A: Never again.
Q: When will there be another presence like Johnny Carson?
And if you disagree with me, may the sweat of a dozen pregnant camels accumulate in your oatmeal.
As he makes his way to that great Slosson cutoff in the sky, let's take a minute think about the impact Johnny Carson had on his art form, and let's think about our own impact.
- Johnny inherited a simple format. He personalized it, expanded it, and stamped it in a way that spanned 40 years (example: Steve Allen's Question Man predated Carnac, but who did you think of at the start of this entry?) If you are a writer, what contributions to your form are you making that are unique? Memorable? Different?
- Editors and reading series hosts, this one's for you: Johnny had everyone from zookeepers to actors to writers to that lady who found a potato chip that looked just like Bob Hope, and he gave them all respectful time and made them all better for being with him. Don Rickles, in an interview on NBC tonight, said his appearances on The Tonight Show were on a different level from much of his work because of Johnny. What do you do in your collections and with your features to make them better? Isn't that your job?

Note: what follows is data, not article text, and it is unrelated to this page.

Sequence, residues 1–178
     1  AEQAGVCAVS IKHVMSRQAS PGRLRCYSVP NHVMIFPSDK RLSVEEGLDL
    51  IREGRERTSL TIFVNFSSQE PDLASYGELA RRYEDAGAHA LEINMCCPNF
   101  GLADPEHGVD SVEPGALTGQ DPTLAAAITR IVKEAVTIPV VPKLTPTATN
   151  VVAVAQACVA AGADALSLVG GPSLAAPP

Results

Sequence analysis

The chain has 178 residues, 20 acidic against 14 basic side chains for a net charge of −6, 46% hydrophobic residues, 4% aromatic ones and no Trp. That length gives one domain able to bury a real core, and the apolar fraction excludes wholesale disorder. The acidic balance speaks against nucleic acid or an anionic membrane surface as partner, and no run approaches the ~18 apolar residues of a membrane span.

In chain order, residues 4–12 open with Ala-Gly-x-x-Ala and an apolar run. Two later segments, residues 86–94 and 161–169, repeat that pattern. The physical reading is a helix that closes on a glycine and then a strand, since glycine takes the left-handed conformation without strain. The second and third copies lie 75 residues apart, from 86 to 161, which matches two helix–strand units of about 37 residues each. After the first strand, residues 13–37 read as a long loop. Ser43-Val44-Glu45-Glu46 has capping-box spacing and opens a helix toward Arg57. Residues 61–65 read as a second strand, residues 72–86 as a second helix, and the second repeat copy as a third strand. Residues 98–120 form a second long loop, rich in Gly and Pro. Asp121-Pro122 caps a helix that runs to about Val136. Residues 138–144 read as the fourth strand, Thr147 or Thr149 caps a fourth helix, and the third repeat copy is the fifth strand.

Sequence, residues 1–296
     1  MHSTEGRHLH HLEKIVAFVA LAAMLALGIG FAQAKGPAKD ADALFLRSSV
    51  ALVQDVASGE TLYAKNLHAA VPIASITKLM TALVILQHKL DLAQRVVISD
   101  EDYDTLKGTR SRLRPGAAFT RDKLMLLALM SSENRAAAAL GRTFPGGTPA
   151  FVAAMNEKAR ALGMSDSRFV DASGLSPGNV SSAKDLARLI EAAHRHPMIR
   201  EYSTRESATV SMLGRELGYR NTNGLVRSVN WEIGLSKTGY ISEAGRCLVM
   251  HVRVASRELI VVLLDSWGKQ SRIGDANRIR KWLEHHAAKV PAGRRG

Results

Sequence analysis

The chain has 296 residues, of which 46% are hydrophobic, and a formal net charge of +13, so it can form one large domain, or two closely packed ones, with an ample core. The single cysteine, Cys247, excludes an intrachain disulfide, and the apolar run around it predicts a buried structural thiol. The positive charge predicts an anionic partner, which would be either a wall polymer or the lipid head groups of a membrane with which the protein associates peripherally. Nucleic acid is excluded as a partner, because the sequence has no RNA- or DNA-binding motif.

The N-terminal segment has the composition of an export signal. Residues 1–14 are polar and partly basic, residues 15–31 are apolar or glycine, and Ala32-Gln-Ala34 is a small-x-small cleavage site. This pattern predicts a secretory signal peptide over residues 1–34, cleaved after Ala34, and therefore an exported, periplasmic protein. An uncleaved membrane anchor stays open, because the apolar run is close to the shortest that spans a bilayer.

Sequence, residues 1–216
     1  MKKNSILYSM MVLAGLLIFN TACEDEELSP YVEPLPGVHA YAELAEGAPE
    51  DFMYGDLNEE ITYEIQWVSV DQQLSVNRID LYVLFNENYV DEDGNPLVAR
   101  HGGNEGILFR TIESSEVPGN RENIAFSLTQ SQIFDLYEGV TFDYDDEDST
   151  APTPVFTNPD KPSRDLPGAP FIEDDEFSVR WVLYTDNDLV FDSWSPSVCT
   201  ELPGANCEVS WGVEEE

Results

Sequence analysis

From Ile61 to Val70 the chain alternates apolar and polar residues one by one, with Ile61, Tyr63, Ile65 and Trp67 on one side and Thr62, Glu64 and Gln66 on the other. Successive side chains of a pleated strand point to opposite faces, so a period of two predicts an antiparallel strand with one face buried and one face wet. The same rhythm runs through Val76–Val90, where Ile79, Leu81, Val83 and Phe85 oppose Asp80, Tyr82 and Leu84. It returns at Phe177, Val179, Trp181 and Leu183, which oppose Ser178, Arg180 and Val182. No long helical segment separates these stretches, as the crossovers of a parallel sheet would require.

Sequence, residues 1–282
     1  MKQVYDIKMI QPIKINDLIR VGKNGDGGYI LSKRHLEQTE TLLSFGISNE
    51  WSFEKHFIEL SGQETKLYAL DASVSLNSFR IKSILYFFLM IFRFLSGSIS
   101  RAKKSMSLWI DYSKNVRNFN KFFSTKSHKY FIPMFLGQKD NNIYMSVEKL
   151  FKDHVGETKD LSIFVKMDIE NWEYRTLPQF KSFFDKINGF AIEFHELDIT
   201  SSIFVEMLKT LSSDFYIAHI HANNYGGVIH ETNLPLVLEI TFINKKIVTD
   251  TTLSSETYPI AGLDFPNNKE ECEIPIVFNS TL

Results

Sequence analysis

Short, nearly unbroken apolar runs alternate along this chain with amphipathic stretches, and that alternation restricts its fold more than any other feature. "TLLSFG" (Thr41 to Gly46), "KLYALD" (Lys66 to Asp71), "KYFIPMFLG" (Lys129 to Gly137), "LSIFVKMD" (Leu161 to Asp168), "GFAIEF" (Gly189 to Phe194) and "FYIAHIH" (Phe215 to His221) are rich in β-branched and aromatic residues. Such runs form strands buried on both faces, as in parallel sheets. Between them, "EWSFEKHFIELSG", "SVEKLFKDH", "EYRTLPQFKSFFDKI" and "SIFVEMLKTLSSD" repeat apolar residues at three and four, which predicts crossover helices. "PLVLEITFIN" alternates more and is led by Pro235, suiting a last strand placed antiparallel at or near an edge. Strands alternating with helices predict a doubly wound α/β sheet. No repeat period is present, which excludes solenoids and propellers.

- He booked a wide variety but he knew his audience, or else how could he have lasted so long and left on his own terms? What's your audience? What are you doing to serve them with your art? Yeah, yeah, "art for art's sake" and all that, but who are you hoping is going to see your work and what are you delivering to them to earn that privilege?
- With many "hosts", it's about the host bringing the funny or looking clever. If it was about that with Johnny, he was the greatest actor who ever lived. Ask yourself seriously: Do you want to create art or do you want to be "an artist"? It's not always the same thing.
Late night television hasn't been the same since Carson. What are you changing? And how are you changing it?